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Financial Well-Being For Our Youth – National Credit Union Youth Month

Kids can learn a lot watching their parents. What they see can set a pattern for life. The key is to not run away from the conversation, but look at it as an opportunity to set our kids up for success.

You might feel comfortable talking to kids about their favorite video game, fashion, or trending Tik Tok video, but maybe not about money. As everyone is looking forward to new beginnings after the pandemic, it’s always a great time for the whole family to establish new habits and that includes with the younger ones at home.

What have we learned and what do we want to pass on to be ready for another major crisis, if it comes?

Some parents may need help passing on a financial literacy mindset to their children. However, once you decide to have the conversation, it’s important to start as soon as possible. Money is a tool that is very powerful, when mixed with the right knowledge.

Start Talking About Money Early

Experts say children as young as five or six can understand the basics of money and saving. With that in mind, we can start sharing financial literacy skills early to ensure our children are set up for success.

As grown ups, we know money is important to buy groceries, keep a roof over our heads, buy things we want, and much more. Even before they are in first grade, children can understand what money is and how to use and save it. Be proactive talking about money and modeling good spending behavior yourself.

The conversations may vary depending on your child’s age, but the general idea is the same – teach them early and often about money and finances. This will help them become comfortable talking about money and find solutions instead of having a financial misstep and ignoring it.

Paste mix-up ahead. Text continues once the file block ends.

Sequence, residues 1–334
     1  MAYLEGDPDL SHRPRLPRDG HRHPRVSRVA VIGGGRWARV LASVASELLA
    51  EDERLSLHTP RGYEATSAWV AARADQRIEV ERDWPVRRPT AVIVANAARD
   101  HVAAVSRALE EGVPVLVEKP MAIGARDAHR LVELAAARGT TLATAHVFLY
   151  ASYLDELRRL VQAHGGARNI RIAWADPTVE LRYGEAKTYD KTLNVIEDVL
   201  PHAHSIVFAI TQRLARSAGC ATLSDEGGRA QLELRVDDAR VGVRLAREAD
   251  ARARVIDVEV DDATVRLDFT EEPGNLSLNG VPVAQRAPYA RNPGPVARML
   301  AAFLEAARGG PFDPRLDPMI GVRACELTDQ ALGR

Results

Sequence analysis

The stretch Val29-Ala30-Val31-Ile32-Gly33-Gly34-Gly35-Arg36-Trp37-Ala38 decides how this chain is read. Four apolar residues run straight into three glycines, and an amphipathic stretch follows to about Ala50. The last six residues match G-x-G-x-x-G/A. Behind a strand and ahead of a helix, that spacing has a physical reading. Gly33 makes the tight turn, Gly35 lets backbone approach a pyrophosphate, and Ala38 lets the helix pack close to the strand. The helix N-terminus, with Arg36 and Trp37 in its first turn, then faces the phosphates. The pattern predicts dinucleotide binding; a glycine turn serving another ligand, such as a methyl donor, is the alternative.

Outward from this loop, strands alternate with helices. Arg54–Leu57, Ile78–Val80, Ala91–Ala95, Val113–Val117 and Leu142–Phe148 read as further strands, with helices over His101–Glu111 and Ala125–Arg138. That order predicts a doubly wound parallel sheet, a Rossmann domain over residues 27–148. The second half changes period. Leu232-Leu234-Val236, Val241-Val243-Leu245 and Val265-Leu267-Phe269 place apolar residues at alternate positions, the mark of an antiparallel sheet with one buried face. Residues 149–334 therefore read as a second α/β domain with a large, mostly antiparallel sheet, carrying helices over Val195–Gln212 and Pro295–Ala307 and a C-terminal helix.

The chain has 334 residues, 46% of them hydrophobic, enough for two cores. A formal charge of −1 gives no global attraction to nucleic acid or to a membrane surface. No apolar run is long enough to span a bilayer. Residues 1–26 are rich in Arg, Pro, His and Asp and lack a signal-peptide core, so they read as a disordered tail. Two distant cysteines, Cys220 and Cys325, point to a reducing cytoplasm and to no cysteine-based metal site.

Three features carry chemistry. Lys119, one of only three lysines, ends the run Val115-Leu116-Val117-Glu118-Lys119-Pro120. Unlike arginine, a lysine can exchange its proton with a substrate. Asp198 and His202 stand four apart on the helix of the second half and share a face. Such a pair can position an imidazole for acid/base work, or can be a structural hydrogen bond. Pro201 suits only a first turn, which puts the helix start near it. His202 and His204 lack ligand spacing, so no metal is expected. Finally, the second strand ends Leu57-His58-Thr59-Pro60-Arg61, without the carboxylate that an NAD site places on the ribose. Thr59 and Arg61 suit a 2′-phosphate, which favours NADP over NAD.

Learn the Importance of Saving Money

Learning how to save is just as important as learning what to spend money on. As their savings grow, parents can reinforce the good money management habits they are putting into practice. Having financial reserves can protect against hardship and give the saver power to decide how to spend or invest the money. Being financially literate is important at any age, but especially for young people just starting on their financial education journey.

Talk About Wants Vs. Needs

It is always important to make every dollar count. Part of the money education for children is helping them understand the difference between things they want and things they need.

That differentiation can be challenging for adults too. Financial literacy means understanding the difference between a “nice to have” (a want) and something they cannot live without (a need).

Sometimes a family challenge may move the “wants” to the back burner temporarily, while the “needs” become more important. If a challenging financial situation requires the family to adjust their lifestyle, make sure kids understand what is going on and why. This is a great opportunity to teach the importance of planning, budgeting and the fact that it’s ok to wait.

Create A Budget Together

Next time when you create a budget for the household, include your kids. Include them as you talk about how, where, and why you spend your money. Start small and slow, be honest, be patient, and encourage questions. Remember to talk in a way that doesn’t upset them or make them worry about finances.

Help Kids Understand Where You Are Financially

Being honest about your current situation can be a great opportunity to educate young people about money and how to handle it. A great start is getting a free financial health assessment and then, involve them as you work through the financial process for the entire family.

Incorporate Money Into Daily Activities

One way to increase your child’s financial I.Q. is to incorporate learning into everyday activities. Here are some tips:

  • Play games involving money
  • Help kids make a wish list for things they want
  • Teach while you shop
  • Link their allowance to chores around the house
  • Teach them to split money into categories like saving, spending, and giving
  • Have them “save up” for something they want

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